Marketing | Good | Branding

Marketing for good in the age of divisive politics. The example of Expedia

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Raising walls is not good for business. Certainly, it is not good for the tourism industry, which requires openness and low/no barriers between countries.

Yet, we (meaning the so called Western World) are living in times of profoundly divisive politics.

Brexit, the wall that Trump is planning to build along the border between the US and Mexico, the referendum in Catalonia, and the rise of nationalism, xenophobia, racism in Europe, etc. are questioning those same values (e.g. openness, equality of rights, unity between and among people, and democracy itself) that constitute the basis upon which Western societies, and economy, have been built since the end of WWII.

As it is widely acknowledged, divisive politics thrives on fear and anxiety. Technology, meaning digital technology, doesn’t seem to be helping.

In a recent post titled “Marketing in the Age of Anxiety“, Mia Pearson explains that ‘that’s  because our phones are constantly buzzing with news apps and social-media status updates about natural disasters, the threat of nuclear war and the fracturing political landscape south of the border’.

Many brands, CEOs and firms, the author continues, are being forced to take part to the broader debate on critical social-political issues and choose side like never before.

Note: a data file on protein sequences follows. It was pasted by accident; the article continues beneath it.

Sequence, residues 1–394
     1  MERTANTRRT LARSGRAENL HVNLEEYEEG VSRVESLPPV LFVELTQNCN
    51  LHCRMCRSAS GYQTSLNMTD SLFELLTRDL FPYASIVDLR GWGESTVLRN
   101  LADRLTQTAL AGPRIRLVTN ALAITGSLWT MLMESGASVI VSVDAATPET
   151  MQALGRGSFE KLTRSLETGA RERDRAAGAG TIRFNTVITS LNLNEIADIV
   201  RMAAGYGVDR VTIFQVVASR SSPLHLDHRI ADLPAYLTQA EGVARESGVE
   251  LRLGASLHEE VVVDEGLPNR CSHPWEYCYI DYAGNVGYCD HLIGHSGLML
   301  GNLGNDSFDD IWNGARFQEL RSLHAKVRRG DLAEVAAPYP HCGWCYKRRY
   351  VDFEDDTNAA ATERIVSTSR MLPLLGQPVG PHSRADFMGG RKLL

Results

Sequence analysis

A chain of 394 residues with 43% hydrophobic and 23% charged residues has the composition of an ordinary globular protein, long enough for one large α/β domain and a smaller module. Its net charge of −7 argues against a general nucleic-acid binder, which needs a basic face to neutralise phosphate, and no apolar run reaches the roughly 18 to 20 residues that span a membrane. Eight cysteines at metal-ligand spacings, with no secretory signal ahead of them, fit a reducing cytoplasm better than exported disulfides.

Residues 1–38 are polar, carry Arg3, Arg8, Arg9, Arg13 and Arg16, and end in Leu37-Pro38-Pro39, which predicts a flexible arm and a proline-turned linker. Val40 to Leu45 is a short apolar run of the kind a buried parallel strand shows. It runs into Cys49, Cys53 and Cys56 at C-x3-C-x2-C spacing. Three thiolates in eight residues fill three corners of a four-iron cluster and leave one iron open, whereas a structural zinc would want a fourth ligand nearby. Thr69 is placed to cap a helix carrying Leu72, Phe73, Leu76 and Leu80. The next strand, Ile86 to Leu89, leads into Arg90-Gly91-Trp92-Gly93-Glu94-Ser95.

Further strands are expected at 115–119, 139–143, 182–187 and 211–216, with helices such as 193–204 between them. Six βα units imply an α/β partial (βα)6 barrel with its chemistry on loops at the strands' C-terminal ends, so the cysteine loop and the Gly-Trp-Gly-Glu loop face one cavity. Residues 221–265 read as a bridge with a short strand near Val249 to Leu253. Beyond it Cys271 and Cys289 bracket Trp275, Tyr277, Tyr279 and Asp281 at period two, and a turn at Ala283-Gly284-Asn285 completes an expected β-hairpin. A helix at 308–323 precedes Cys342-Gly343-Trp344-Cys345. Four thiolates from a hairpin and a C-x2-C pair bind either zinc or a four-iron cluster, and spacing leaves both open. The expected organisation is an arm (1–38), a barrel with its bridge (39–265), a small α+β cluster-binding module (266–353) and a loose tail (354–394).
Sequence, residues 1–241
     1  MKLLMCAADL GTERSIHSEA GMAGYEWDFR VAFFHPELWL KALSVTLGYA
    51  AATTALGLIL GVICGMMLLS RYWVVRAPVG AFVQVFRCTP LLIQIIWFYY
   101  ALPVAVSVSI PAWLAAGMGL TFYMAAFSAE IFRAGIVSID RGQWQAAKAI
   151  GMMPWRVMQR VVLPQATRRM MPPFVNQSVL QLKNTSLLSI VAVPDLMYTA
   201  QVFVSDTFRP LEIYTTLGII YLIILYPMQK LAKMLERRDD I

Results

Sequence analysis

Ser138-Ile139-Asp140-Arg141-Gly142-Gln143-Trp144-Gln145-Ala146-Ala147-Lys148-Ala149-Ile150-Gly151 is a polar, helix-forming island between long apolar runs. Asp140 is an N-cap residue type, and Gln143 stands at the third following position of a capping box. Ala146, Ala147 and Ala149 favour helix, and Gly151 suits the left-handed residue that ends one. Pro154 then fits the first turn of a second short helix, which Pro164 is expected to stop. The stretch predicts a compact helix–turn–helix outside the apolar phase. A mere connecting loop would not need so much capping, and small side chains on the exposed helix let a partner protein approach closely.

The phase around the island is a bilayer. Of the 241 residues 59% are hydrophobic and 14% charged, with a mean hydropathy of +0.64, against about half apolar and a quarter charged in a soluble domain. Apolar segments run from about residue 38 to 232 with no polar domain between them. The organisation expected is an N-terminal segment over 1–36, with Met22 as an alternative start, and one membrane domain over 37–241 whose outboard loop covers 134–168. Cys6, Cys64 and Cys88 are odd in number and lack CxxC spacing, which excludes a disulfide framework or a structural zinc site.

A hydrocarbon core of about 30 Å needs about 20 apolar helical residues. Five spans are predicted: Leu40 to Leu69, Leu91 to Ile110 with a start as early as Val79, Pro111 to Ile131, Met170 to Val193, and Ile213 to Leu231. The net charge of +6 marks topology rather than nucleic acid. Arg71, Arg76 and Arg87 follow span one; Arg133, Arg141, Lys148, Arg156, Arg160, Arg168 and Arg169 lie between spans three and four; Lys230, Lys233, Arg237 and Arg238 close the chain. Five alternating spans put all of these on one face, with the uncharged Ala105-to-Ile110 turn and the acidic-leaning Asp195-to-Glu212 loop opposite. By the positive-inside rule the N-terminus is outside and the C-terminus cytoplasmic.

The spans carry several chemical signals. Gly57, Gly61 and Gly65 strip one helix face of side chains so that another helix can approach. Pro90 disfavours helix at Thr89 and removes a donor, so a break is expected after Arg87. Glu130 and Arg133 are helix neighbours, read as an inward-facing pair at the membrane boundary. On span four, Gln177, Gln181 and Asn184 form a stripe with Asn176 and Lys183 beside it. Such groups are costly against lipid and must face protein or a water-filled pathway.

So the question. What is, or should be, the role of marketing in the age of divisive politics? How can marketing convey positive messages in such a social-political climate?

Answering the question is paramount for tourism economy.

Expedia is launching a campaign based on documentary-like videos focusing on the deeds and accomplishments of ordinary and mostly disregarded people who usually play no role in the glittering images of ‘cool’ advertising.

Real stories about real people shedding beauty and inspiring hope in human kind’s capacity for good.

By doing so, Expedia also demonstrates how, Rachel Gee explains, it is possible to ‘break advertising stereotypes by showing how different people use its service in different ways, reflecting the fact it appeals to “everyone’s needs”’.

One of these videos tells the story of Julien, a lorry driver from Birmingham, who drives all the way down to Madrid to fulfil his dream to attend an opera performance.

The other story that has been published so far is about David Kenward, a photographer affected by the Down Syndrome who travelled to Iceland to capture northern lights with his family and won the Down’s Syndrome Association’s My Perspective photography competition in 2015.

Hate, intolerance and social exclusion are again on the rise even in a country like Germany, which has done so much to ban these behaviours from the social-political discourse.

Being at the basis of social-political uncertainty and volatility, such behaviours risk of seriously damaging economy, tourism industry in particular, as they are turned into governmental action.

Therefore, we agree with Mia Pearson as she concludes that there is no better time than this to ‘celebrate inclusiveness, global collaboration and the promise of a better world’. Or, we might say, inclusiveness and global collaboration as necessary conditions for a better world and a more sustainable and healthier economic growth.

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